It is no hot take that privilege plays too great a role in the arts.
In 2016 a study led by LSE and the University of Edinburgh revealed that just 16% of actors come from a working class background whereas 51% have a privileged background. The figure has fallen by 1.4% since 2014.
This prompted a flurry of activity in the industry to break barriers faced by working-class performers and creatives accessing the cultural sector, including Labour’s 2018 inquiry ‘Acting Up - Breaking the Class Ceiling’ and the formation of Eastlake Productions, a working class theatre company originally set up to tackle the financial barrier faced by working class artists.
The pandemic is likely to have exacerbated class imbalances across the UK’s creative industry with theatres closed and no work available, creatives have become disillusioned and financially incapable of remaining in the industry.
Many have slipped through the cracks of the government’s Self Employment Income Support Scheme due to having secondary sources of PAYE income in the hospitality industry, income which too has been significantly reduced with lockdown restrictions.
Prompted by greater pressure from funding bodies that art is not made for art’s sake but that it in some way benefits the public community or neighbourhood in which it is located, participatory theatre has become a conduit for engaging a greater number of working class people, particularly through youth theatre clubs and training schemes.
Speaking to facilitators and participants of youth theatre programmes who engage underprivileged, NEET (not in education, employment or training) or at-risk young people, it became apparent that although engagement levels are high, the presence of privilege still pervades these departments and their work.
Chasm between Participation and Main-house Work
One participant, involved in a well-known youth company, highlighted the lack of integration between programming departments and community work. “I don’t see myself reflected in UK theatre. When I enter the venue for a session or an event, there is a clear misalignment between the participation work and the main house programmed work. A chasm which makes me feel like the sessions I go to are merely an exercise in tick boxing.”
He adds that staff working in the building expect participants to take an interest in traditionally more high brow forms of art: “we’re always playing catch up but they never ask us about what art we might be interested in. It doesn’t always feel welcoming”.
Above: Conrad Murray with the BAC Beatbox Academy
“Thankfully, not all theatre venues are taking a backseat,” explains a theatre facilitator who works with young at-risk people. The Lyric Hammersmith currently have 15 young people and community branches and their new large scale community play Heart of Hammersmith features 60 people ranging from the age of 11 to 70!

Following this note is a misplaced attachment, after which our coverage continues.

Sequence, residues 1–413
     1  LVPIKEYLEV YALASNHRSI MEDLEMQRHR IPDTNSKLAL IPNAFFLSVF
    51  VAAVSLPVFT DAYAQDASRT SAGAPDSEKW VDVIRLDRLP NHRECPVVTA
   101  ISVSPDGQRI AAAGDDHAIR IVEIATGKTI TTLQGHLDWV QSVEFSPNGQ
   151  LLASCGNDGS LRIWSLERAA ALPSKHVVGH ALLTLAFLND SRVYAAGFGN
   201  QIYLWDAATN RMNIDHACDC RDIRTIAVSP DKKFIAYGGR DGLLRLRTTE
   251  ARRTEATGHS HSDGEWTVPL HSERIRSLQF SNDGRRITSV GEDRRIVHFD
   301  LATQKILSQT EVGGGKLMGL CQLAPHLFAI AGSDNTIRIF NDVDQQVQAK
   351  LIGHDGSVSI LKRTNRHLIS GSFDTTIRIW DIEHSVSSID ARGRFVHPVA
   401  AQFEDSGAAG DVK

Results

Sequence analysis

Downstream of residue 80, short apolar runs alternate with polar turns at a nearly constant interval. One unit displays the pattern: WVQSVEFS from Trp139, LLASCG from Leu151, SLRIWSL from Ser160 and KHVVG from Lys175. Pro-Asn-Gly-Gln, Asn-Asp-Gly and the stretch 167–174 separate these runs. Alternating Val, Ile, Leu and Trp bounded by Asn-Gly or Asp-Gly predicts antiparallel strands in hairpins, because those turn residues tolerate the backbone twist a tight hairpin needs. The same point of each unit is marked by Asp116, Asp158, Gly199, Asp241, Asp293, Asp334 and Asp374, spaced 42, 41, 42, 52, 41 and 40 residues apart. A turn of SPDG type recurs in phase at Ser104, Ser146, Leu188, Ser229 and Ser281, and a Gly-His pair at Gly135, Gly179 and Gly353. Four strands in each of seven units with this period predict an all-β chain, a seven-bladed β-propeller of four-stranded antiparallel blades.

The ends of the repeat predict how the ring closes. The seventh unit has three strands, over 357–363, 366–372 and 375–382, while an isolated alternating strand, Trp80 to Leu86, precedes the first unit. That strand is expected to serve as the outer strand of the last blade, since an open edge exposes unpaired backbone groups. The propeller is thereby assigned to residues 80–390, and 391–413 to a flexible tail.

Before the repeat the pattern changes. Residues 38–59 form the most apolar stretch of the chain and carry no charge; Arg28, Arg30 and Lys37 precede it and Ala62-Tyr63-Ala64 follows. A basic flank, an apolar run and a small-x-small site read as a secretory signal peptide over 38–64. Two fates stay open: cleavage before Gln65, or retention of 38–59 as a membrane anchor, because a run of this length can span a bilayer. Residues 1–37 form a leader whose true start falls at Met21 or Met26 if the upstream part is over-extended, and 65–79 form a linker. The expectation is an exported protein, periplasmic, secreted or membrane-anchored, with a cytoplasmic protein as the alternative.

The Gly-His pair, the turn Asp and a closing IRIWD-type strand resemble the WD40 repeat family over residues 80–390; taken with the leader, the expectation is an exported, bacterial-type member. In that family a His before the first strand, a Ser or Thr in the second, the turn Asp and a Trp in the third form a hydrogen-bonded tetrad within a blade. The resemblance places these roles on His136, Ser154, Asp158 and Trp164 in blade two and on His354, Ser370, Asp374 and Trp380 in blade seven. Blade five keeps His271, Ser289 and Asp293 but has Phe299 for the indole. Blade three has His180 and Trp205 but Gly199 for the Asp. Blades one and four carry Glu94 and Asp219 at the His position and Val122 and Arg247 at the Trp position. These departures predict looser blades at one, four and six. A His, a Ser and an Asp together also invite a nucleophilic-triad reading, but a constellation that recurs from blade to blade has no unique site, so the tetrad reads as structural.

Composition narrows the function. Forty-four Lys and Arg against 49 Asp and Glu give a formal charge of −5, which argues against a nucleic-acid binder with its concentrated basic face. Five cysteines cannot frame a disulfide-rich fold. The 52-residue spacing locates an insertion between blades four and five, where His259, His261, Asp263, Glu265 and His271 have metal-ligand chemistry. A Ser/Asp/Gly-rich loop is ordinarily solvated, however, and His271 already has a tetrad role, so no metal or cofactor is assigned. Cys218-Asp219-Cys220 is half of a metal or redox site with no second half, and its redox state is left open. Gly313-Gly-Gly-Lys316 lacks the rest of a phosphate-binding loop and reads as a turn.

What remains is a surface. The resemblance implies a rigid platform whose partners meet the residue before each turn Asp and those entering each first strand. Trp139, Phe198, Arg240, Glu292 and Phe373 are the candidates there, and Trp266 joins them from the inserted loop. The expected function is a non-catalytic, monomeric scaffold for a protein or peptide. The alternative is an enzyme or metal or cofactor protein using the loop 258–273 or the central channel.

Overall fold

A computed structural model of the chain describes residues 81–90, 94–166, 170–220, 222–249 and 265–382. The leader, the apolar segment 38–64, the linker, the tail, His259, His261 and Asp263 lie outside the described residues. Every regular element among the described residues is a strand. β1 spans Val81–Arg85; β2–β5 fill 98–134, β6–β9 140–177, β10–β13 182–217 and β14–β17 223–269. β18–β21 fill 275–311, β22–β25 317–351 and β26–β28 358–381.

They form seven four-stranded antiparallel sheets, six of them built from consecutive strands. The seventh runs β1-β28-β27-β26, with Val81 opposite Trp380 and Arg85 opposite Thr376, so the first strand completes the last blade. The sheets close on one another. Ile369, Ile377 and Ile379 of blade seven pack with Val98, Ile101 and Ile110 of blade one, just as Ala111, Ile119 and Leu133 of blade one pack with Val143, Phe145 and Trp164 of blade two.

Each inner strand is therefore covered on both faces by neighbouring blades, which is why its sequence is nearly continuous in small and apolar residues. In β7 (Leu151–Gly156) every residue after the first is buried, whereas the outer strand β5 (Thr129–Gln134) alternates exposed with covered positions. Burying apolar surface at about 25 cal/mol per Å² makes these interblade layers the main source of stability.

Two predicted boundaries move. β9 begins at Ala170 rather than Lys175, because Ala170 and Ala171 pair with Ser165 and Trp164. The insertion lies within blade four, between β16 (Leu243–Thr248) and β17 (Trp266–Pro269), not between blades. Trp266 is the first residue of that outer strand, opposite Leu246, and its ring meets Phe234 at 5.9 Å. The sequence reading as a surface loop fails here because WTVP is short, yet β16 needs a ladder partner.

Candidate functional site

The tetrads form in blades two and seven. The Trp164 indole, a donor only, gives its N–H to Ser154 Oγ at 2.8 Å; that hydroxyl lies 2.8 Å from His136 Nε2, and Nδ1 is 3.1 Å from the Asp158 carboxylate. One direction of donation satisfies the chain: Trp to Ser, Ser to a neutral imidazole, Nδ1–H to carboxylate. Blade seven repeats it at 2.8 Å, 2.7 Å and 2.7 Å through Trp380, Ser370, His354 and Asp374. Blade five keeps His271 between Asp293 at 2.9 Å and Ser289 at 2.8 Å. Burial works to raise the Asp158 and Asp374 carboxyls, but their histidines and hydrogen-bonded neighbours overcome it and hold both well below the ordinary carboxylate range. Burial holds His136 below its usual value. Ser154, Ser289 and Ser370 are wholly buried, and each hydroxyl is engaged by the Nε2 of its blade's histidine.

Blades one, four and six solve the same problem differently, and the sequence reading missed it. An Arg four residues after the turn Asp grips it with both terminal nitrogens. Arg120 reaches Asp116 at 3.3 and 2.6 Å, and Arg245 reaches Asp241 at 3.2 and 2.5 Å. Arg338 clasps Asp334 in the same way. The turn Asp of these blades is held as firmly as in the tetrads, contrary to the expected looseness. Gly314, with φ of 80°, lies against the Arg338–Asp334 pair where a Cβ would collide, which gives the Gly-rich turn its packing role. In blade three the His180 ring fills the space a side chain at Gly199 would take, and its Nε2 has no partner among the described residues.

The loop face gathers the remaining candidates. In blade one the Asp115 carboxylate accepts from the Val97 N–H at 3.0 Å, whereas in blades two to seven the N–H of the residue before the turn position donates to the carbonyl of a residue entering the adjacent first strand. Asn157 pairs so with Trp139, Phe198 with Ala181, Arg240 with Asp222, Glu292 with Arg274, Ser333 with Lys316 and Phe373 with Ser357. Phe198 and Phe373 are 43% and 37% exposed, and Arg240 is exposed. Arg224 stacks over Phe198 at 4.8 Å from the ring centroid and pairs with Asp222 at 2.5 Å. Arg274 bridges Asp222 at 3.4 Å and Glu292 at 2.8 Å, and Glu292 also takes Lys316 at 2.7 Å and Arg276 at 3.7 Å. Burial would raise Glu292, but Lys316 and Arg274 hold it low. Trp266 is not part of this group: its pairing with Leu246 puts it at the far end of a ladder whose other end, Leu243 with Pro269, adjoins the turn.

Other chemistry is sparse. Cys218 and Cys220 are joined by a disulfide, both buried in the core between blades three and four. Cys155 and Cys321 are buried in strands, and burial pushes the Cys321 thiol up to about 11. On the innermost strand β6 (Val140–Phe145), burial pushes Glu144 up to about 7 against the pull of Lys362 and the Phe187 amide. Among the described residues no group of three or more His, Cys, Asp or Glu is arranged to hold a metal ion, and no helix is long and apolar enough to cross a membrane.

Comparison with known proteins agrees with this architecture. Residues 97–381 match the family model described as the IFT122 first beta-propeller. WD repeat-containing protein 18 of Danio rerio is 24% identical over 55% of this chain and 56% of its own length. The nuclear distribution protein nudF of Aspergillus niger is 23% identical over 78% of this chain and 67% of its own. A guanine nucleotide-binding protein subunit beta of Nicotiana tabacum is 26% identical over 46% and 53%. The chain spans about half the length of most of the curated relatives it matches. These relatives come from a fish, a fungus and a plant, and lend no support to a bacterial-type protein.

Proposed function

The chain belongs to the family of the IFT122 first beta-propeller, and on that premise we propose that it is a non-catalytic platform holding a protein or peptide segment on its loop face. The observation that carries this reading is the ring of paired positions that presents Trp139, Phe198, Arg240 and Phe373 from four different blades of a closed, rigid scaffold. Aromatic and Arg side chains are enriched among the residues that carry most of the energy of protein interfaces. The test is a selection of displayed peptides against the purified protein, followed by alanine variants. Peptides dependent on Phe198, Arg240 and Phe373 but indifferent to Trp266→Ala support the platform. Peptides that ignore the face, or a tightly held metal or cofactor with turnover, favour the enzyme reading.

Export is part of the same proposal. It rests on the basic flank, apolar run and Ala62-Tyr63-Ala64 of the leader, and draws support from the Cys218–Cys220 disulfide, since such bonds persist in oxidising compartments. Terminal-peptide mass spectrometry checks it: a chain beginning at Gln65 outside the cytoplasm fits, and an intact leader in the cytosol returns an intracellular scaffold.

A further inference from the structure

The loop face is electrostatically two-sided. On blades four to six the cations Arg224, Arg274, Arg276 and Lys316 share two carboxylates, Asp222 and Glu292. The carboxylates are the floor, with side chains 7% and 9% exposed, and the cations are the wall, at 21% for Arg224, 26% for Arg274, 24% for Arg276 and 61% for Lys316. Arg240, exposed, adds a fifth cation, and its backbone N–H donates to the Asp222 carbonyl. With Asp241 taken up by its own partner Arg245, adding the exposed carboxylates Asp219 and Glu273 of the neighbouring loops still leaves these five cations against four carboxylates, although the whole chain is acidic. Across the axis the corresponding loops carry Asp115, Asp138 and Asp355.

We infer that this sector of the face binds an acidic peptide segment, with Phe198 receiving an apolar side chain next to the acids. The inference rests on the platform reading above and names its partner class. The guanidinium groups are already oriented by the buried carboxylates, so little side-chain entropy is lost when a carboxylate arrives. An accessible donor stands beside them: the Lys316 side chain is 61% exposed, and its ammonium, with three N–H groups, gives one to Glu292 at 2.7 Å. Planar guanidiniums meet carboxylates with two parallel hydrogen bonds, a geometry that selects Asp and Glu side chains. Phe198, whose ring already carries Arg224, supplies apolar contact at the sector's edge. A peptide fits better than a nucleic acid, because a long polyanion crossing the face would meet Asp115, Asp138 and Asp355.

Battersea Arts Centre crucially invested as much funding, space, time and resources towards their Beatbox Academy, also a Sightlines partner, as they would on any other programmed show. This has led to the creation of a smash-hit, multi award-winning show How To Make A Monster which is about to embark on an international tour.
The director of the BAC Beatbox Academy, Conrad Murray, points out the flawed nature of 18-25 year old age restrictions on youth theatre programmes claiming that they are inherently classist. “They fail to take into account that young people from underprivileged backgrounds have different milestones to people from wealthier backgrounds”.
“While 18 is the normalised age for graduating education and seeking employment opportunities, others who have been financially supporting their families, or who have been kicked out of their homes are usually just starting to find their feet at 25 and by this point they’ve missed out on all the free training opportunities. That’s why at the Beatbox Academy we welcome people from the age of 11 to 29.”
Often in participatory arts there is a disconnect between those that run the sessions and those participating in them. One participant recounted how a lead facilitator abandoned them halfway through the course with no explanation, mimicking the lack of stability in the personal lives of many participants. A replacement wasn’t found for months.
For many youth participants, participatory arts sessions are a haven from home-life turmoil and the perils of rough-sleeping. “It was a place where friends and adults cared for me”. It is heart-breakingly obvious when a facilitator doesn’t feel the same way about their participants.
That’s why one facilitator, Sammy Glover, emphasised the need for conflict-confident spaces in the rehearsal room. These are environments that “foster a sense of joy and security” and implement “mindful practices” centering around actors having autonomy, dignity and boundaries. “It sounds really pretentious but it basically means we just help them to hang out”. They are hosting a workshop on this topic as part of the Sightlines programme.
When asked how they view their role in the industry as a privileged person with power, they explained that they see themselves as a “placeholder rather than a gatekeeper”. “These schemes serve to train young people, familiarise themselves with the building and slowly but surely the people doing the structural change will be phased out… I will no longer be at the top of the list.”
It’s also important when speaking about participatory arts to avoid employing hyperbolic jargon. Participants have stated that it can be alienating and even patronising when participatory schemes claim that they “use art to change the paths of young people for the better”.
Participants are not case studies or victims. Ultimately, these schemes are in place to help kids have fun who may not have experienced it in traditional environments.
And regardless of class or privilege, every child deserves the right to have fun.